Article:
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By Raheem Salman
BAGHDAD (Reuters) - The United Nations on Thursday called on Iraq to suspend use of the death penalty after authorities executed 21 people on the same day following their conviction on terrorism charges.
The high rate of executions, making Iraq the world's most prolific user of the death penalty after China and Iran, has put the country under fire from human rights groups. So far 32 people have been executed in Iraq this month.
Executions are a sensitive issue for Iraq's Shi'ite Prime Minister Nuri al-Maliki whose government faces rallies by thousands of Sunni Muslims against what they see as marginalisation of their sect.
"I regret that repeated calls of the United Nations to suspend the implementation of death sentences were not heard," U.N. representative Martin Kobler said.
"I urge once again the Iraqi government to immediately suspend all pending death sentences and to apply without delay the moratorium."
The justice ministry said 21 people had been executed on Tuesday for crimes linked to al Qaeda, including five accused of trying to attack Maliki's convoy.
An Amnesty International report this year said that since the Iraqi government restored the death penalty in 2005 at least 447 prisoners had been executed, including Saddam Hussein, his main associates and suspected members of armed groups.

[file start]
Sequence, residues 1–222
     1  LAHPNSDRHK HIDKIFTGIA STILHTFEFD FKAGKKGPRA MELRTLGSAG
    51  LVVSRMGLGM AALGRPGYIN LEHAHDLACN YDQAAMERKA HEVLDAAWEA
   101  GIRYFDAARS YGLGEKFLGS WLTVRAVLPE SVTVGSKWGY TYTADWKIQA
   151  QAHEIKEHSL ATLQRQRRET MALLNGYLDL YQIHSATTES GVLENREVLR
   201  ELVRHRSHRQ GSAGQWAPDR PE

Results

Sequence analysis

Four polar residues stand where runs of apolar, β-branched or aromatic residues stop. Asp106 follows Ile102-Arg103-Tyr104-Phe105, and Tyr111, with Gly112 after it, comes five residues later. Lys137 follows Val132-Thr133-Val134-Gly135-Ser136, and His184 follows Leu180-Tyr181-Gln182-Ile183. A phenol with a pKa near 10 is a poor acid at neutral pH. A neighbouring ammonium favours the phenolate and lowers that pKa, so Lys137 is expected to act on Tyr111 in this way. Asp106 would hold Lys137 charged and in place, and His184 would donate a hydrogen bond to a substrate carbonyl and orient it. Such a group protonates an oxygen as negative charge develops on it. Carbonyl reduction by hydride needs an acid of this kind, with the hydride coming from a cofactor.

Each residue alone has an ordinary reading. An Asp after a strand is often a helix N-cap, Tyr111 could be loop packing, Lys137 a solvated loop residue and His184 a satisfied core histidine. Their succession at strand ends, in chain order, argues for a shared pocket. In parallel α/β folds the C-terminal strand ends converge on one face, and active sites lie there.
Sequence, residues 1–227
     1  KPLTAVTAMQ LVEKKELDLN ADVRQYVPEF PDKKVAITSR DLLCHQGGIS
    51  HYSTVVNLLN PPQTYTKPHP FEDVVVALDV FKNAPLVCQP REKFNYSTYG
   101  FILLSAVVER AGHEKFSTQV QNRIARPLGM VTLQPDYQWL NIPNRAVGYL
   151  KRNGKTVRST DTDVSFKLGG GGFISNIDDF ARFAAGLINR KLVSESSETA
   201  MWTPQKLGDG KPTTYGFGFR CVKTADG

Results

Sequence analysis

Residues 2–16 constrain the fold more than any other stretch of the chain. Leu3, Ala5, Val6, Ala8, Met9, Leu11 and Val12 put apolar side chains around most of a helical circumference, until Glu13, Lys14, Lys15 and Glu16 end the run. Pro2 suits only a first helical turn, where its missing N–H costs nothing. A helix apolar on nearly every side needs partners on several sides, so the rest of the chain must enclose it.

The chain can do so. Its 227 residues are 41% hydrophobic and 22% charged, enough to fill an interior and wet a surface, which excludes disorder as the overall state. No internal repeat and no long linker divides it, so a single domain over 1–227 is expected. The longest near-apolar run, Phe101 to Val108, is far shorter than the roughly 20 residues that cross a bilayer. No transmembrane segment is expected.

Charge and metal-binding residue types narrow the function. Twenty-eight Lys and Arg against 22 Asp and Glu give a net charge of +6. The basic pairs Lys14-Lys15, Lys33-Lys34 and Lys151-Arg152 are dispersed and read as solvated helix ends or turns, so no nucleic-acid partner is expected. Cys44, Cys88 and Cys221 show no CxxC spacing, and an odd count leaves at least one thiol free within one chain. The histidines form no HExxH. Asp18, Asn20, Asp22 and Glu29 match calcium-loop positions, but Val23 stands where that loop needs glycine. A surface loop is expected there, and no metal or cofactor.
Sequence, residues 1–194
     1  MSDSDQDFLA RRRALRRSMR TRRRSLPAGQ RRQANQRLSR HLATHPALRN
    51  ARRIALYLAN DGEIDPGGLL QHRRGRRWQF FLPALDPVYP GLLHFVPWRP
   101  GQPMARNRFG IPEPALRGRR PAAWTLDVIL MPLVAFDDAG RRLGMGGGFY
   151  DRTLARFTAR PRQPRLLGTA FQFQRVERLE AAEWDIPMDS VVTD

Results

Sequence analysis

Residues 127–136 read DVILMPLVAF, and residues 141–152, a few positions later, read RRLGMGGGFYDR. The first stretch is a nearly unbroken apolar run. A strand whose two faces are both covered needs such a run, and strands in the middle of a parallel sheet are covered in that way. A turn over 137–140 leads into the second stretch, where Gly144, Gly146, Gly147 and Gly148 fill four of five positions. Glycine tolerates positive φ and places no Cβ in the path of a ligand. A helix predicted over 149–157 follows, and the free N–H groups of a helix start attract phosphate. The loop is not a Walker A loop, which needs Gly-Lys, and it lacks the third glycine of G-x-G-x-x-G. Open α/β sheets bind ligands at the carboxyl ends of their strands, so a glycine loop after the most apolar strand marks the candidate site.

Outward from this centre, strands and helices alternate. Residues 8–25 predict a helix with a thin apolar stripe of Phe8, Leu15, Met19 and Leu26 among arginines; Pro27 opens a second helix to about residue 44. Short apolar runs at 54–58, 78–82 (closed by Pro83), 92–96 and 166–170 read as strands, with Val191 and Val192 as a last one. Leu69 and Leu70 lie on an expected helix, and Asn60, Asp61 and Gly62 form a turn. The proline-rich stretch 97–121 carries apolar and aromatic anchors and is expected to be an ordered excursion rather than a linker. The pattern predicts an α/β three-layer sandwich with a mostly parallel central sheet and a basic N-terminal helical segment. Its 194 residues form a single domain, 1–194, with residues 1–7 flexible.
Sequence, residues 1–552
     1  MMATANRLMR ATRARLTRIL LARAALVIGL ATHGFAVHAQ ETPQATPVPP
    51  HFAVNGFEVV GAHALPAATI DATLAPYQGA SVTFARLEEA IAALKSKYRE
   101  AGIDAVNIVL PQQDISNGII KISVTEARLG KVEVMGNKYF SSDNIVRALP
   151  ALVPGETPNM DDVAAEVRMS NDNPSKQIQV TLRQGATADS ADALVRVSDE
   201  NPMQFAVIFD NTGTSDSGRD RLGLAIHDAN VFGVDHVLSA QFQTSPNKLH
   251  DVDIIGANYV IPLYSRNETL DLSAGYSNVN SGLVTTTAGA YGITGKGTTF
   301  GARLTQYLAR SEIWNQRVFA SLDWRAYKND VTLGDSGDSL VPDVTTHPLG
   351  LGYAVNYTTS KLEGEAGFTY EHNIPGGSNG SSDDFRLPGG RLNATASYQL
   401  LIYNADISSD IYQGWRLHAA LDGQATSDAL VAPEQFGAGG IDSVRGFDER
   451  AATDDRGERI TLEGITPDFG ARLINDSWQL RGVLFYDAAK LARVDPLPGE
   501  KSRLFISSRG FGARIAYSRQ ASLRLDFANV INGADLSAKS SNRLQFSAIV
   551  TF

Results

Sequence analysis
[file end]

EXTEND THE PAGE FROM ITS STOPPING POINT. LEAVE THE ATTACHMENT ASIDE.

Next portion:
"Hundreds of prisoners currently await execution on death row, and Iraq - where 129 prisoners were hanged last year - is now one of the world's leading executioners," the report said.
Sunni political ranks are increasingly divided over how to work with Maliki, who some critics say is amassing power at their expense of Sunni and ethnic Kurdish parties in his power-sharing government.
Negotiations to end the protests have been stalled in part because executions have continued. The government insists it will carry out the death penalty as required, dismissing complaints the law is applied unfairly to Sunnis.
"We will continue with executions against terrorists and killers whether they are Sunni or Shi'ite," Justice Minister Hassan Al-Shimmeri said. "It is a victory for innocent victims and deterrent against criminal murderers."
(Editing by Patrick Markey and Andrew Roche)